• by kaladorn ( 514293 ) on Friday April 26, 2002 @01:08PM (#3416861) Homepage Journal
    When I was working with the RCMP (via a System Integrator), they were undergoing a complete evaluation of the security of the various public wireless providers that they planned to deploy their police mobile products upon. This required extensive reviews of communications protocols, physical and procedural aspects of security, who was getting access to what/when/how was it controlled, auditing, and physical security of the various locales.

    The guys the RCMP had do it were experienced, knowledgeable, and had ties/backgrounds that included work with the Canadian Security Establishment (Canadian NSA) and the Canadian Military. One of the guys I worked with had just finished some serious security work for CSE. I know enough about crypto and comms protocols myself to know when (as far as security)I meet people who are "the real deal". These guys were it. And they opened the eyes of some of the public wireless providers in a big way.

    They can be found via the info at the bottom of this link here. []
  • I'm in there right now! ... and abc123 is not a very good administrator password.

    Seriously, however - if you are having continual troubles with this and an admittedly overworked IT staff unfamiliar with system security issues, get someone who /is/. It will likely pay off in the long run compared to the fees doled out to outside contractors. You'll have someone who (eventually) knows your system inside and out, and will thereby have a better idea of both network and physical security issues.
  • GRC! (Score:5, Funny)

    by dark_panda ( 177006 ) on Friday April 26, 2002 @01:15PM (#3416913)
    Surely you've already contacted Gibson Research to help protect you against script kiddies, armed with the raw sockets in Windows XP, from taking over not only your servers, but the entire internet!

  • Details (Score:4, Insightful)

    by chill ( 34294 ) on Friday April 26, 2002 @01:16PM (#3416917) Journal
    You are going to have to define the scope of the audit. Is it just web servers, desktops, your security policies, legacy or the whole ball of wax? Are you talking a mixed environment (multiple-Unix, Windows, Mac, other?)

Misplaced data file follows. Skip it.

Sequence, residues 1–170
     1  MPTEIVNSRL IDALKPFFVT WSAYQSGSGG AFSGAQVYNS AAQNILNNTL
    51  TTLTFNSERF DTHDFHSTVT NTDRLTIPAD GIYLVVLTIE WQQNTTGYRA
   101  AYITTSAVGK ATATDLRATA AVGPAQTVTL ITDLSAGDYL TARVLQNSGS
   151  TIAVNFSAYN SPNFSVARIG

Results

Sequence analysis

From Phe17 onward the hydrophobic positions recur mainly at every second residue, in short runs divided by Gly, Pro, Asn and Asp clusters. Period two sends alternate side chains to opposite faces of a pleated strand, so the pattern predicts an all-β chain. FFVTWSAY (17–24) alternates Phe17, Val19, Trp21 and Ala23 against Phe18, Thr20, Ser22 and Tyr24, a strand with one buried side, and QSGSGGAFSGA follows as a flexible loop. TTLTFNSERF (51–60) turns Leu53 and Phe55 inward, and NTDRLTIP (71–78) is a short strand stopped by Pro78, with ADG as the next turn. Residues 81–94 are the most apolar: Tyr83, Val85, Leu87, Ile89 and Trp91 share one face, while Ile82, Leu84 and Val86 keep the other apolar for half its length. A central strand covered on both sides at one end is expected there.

How wide is your network area? Multiple locations? Same cities?
    How about your network infrastructure itself? Routers, switches, etc.

    A complete audit can take a while and cost a lot of $$, especially if you have a wide range of system types and network spread. It also can depend on how deep you want the audit to go.

    I work for Lucent doing large scale audits, so can only comment on what I've experienced. Security is as much policy, training and implementation as it is software/hardware.

    E-mail me if you want some detailed information.

    Charles Hill
  • In addition to hiring the pros, you can also do a considerable amount of auditing yourself with the right automated tools. Among these is the program MultiProxy [] allows you to enter the IP addresses of your machines and quickly see if outsiders can use them to mask their identities during an attack. Its definitly not a substitute for a real audit, but it can help you to get a quick overview of potential problems.

  • There are several large, well-known companies that do contract work. SAIC (my employer), CSC, Booz-Allen Hamilton, etc. Many of the companies out there specialize in government contracts, but they most likely also do commercial work.
  • As a Gov't agency, the NSA will probably do a security audit for you for free. They have intelligent, competent people working the audits, and while they aren't comprehensive in finding specific holes in specific boxes (they focus more on IT security features than patches and hacks) it'll be a great starting point.

  • An honest answer (Score:4, Informative)

    by D3 ( 31029 ) <> on Friday April 26, 2002 @02:18PM (#3417388) Journal
    Up front I want to point out that I don't want to make a completely shameless plug for my company and what I do. I did leave some contact info available in case the person in question wanted to contact me. The comments here are my own and not that of my employer, etc. If the person who submitted this Ask Slashdot is happy with another firm, that is fine with me, I'm an engineer _not_ a salesman.